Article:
胡:这批绝大部分内容从未于世公布的私人通信是我们制作这部纪录片的一批珍贵财富。全部信件有700页左右,90%是梁林在1935年至1948年之间给费正清夫妇的信。在这期间,对方寄到中国的信已经在文革期间被销毁。(据梁思成遗孀林洙回忆,这批信在梁家保留了很久,文革开始后,梁家有了一次次的查抄……终于,有一天梁思成决定销毁这批在当时会惹来杀身之祸的和美帝国主义密切交往的证据……)

绝大部分的信件是手写体,我们花费了巨大的人力将它们全部改造成“打印体”。我阅读了所有的内容。由于通信的持续性,感谢那个用书信交流的年代,特别是天各一方的人们更是珍惜每一次通信的机会,用文字记录下他们想倾述的一切。1949年之前,你几乎可以通过这些信件完整勾勒出他们的生活、思想变化。 从中读到这两对年轻朋友之间非同寻常的毕生友谊。

是什么让他们之间产生的如此情谊——


      Some two months after our wedding we met Liang Sicheng and his wife Lin Huiyin. Neither they nor we were aware that years of close friendship lay ahead,but we were captivated from the first.    ——Wilma )

如果说,两对年轻人由于情投意合,一见钟情的话,那么日后的持续交往中,他们对彼此才华的钦慕性格的认同让他们终成密友,而这种友谊经过战争岁月的洗礼便终于牢不可破了。

林徽因是一位从少女时代接受西方文化熏陶长大的女子,后留学美国。精神交流的渴望,使得她的周围聚集着的一批知识分子都是那个时代留学英美的学者。而费正清夫妇的出现,给她的生活增添了新的色彩。林徽因的这封信写于1935年,在费正清夫妇结束中国之行准备回国的时候——
 
     (You see, I was bi-culturally brought up, and there is no denying that bicultural contact and activity is essential to me. Before you two really came into our lives here at No.3, I was always somewhat lost and had a sense of lack somewhere, a certain spiritual poverty that needed nourishing. The picnics and riding this autumn or rather early winter made a whole world of difference to me.)

众所周知,林徽因的身边聚集着一批迷恋她的男子,鲜有女性朋友,而传说中她和冰心、林淑桦之间故事都是女性之间的猜忌嫌隙……在这封给费慰梅的信中,你看到的是另一个林徽因——


I did not think once that I could have a friend in a woman. It is my luck to have met you. Because otherwise I may never know and enjoy this certain warm flow of feelings between two women.

1935年的分别,只会让思念更加强烈。尤其是之后战争使得梁家的生活状况彻底改变。一段时期内,费正清夫妇成为梁家物质上的重要支撑。

梁思成的信——

We are so short of reading matters and reference books here. We – Lao Chin, Tuan- sheng, Phyllis and I and friends – shall appreciate it so much if every now and then you send us some out of date best sellers that you pick up from some second hand book shop. We are thirsty to read things from left to right instead of from top to bottom. While I am typing this, begging for books, I discovered Phyllis writing Wilma for old cloths. It seems we actually turn beggars!

残酷的政治原因,终让这两对亲密朋友在49年之后不仅失去见面的机会,甚至无法听到彼此的音讯,直到生命的终结。而费慰梅几乎将她生命的最后阶段全部献给了她和正清毕生亲密的朋友:梁思成 林徽因。

Our closest friends in China ( or elsewhere, for that matter ) were Liang Ssu-ch’eng and his wife Lin Whei-yin .two people who combined the Chinese and the Anglo-Saxon cultural traditions.
                               —— China Bound :a fifty year memoir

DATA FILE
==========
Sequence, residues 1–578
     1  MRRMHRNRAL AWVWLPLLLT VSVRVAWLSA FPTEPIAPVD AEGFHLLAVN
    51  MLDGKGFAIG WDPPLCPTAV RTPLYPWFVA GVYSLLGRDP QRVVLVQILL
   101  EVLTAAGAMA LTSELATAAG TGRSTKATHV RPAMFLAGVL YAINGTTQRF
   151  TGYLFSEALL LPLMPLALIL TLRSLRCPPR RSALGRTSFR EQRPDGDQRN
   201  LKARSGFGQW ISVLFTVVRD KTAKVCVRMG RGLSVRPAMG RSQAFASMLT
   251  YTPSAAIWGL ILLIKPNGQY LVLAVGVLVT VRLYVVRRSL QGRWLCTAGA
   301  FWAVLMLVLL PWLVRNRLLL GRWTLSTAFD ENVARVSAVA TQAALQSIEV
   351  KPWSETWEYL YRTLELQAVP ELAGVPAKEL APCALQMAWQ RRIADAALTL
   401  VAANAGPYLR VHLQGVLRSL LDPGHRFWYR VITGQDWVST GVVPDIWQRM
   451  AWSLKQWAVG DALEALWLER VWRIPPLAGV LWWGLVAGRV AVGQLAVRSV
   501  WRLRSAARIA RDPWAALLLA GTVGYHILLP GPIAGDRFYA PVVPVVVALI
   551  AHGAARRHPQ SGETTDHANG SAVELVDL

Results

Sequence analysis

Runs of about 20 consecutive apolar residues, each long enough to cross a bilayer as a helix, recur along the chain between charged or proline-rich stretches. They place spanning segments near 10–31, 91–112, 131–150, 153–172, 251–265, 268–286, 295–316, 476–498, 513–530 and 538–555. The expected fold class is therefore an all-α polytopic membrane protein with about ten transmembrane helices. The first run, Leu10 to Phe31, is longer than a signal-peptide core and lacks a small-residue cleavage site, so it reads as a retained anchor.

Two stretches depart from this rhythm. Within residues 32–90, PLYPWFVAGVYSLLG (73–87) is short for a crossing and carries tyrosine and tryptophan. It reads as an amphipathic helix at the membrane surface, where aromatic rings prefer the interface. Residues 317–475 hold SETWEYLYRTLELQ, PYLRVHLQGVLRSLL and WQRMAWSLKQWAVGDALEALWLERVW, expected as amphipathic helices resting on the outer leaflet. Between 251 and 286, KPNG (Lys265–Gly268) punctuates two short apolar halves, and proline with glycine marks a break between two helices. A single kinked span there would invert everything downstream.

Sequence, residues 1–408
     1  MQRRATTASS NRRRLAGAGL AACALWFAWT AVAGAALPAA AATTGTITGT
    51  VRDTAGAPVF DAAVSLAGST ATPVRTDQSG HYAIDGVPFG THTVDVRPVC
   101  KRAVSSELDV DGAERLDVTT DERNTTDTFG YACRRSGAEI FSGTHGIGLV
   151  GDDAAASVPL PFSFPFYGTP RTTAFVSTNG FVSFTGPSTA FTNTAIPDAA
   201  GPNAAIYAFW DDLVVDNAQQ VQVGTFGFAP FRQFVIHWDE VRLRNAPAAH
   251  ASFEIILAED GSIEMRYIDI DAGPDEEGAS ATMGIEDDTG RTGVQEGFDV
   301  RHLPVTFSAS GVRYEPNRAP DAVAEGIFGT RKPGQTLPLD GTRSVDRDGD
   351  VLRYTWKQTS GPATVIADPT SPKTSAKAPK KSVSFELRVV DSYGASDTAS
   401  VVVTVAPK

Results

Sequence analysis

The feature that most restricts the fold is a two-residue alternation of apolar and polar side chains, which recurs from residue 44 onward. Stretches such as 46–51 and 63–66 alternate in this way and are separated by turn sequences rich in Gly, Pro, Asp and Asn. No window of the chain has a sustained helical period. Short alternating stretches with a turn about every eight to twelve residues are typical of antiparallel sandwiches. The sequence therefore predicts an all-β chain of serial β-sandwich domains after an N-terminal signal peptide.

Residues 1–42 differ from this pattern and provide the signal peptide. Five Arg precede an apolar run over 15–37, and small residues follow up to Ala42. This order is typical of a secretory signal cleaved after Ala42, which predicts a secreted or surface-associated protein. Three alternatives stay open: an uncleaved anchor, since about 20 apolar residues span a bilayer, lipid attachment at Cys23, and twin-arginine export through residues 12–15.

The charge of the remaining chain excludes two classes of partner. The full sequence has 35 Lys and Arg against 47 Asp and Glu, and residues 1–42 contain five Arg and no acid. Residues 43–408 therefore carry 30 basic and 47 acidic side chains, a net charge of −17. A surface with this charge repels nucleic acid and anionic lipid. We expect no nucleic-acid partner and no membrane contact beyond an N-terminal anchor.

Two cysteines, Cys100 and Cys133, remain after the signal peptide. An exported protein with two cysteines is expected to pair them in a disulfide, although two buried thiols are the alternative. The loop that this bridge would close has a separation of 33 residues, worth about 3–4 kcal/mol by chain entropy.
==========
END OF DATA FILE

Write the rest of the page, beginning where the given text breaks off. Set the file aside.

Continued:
这批信对于这部纪录片至关重要,不仅仅在于它的独家,也不仅仅为我们提供了两对亲密朋友间至诚的人生友谊,更重要的是这批连续不断的书信为全片基本的“第一人称的”的叙事提供了一种可能。对于这样的“名人”,讲述他们的人生故事,还有什么比听他们自己讲自己的故事更为真实可信呢?


      BLR: The Great Leap Forward and the Cultural Revolution, and their effects on Liang Sicheng, are dealt with in a highly abbreviated way. I assume that you have taken it to what you see as the limits on these topics. You do show quite a bit about Liang Sicheng in the 1950s: His ill-fated plans for preserving the old city and its walls, the political debates over his architectural ideas, his own conflicted allegiances and his application to join the Communist Party. How sensitive are these topics today?

HJC: The last of the eight episodes deals with the twenty years from 1950 to the end of the subjects’ lives. Seeing the way these two decades were boiled down to 45 minutes, anyone’s natural reaction would be to say that numerous sensitive topics in this period have been deliberately abbreviated. In China the many different media outlets vary widely in terms of the breadth of discourse space they are allowed, and because of its wide impact, television is always given relatively less space. You could call those the political considerations behind the “selective narrative” in the last episode.

Apart from that, I’d like to say something about professional expression in the field of television, which is a very special medium. Its fusion of sound and visual images gives it extraordinary power. It has a penetrating force that goes beyond that of written words. In fact, every medium has its own limits, things it’s not capable of doing. Within the limits of this particular time and place, I’ve always stayed focused on the mission I wanted to accomplish, and tried to make the documentary as meaningful and influential as possible.

I hope that through my telling of the story of Liang and Lin, you see two beautiful lives, you see poetry and art, you see perseverance and sincerity. In the end, you will feel sadness and anguish. This pain comes from a place outside the limits of this time and place — it comes from inside your heart.
"大跃进”和文革,以及他们对梁思成产生的影响在片中用高度简约的方式叙述,我臆断你是根据这些话题在能够被允许讲述的“限度”内展开的。

片中关于50年代的梁思成有不少篇幅,比如他关于保护古城和城墙的徒劳,关于他的建筑思潮的批判,他的充满困惑的忠心,和他申请加入共产党。

这些话题在今天到底有多敏感(1949-1957)? 你是否可以谈谈今日中国保护的话题…… 

这部讲述梁林一生的八集纪录片,在最后一集讲述的时间段从1950年到梁林的生命终结,时间跨度二十年。二十年时间的故事被浓缩在45分钟讲完,是个人第一反应都会认为这一阶段敏感话题连篇,节目刻意简略。其实,对于在中国做电视的人来说面对一件十分尴尬的事情,因为当下林林总总的媒体,各自有的话语空间相差非常大,而电视媒体因其相对更广泛的传播影响力所以空间总是相对更小……这些,就算是最后一集“简略叙述”的政治考虑吧。
 
      此外,我也想想说说电视的专业表达。电视是一个很特殊的媒体,它的声、画结合的特点让它有奇特的传播效果,它有超越文字之外的更具穿透力的力量。其实每一种媒体都会有它的“有限”和“不能”,对我来说,就是在这有限的时空中,时刻牢记你要完成的任务,将影像的负载力最大化。

对于我要讲述的梁林故事,我希望——
缓缓地……你看到美丽的人生……看到诗情画意……看到执着坚忍……看到赤诚之心……最后,你痛彻心扉!那些“痛”来自这有限的时空之外,来自你的心中……

 

 

 

  • 央视纪录片
  • BBC 专场
  • 美国国家地理专场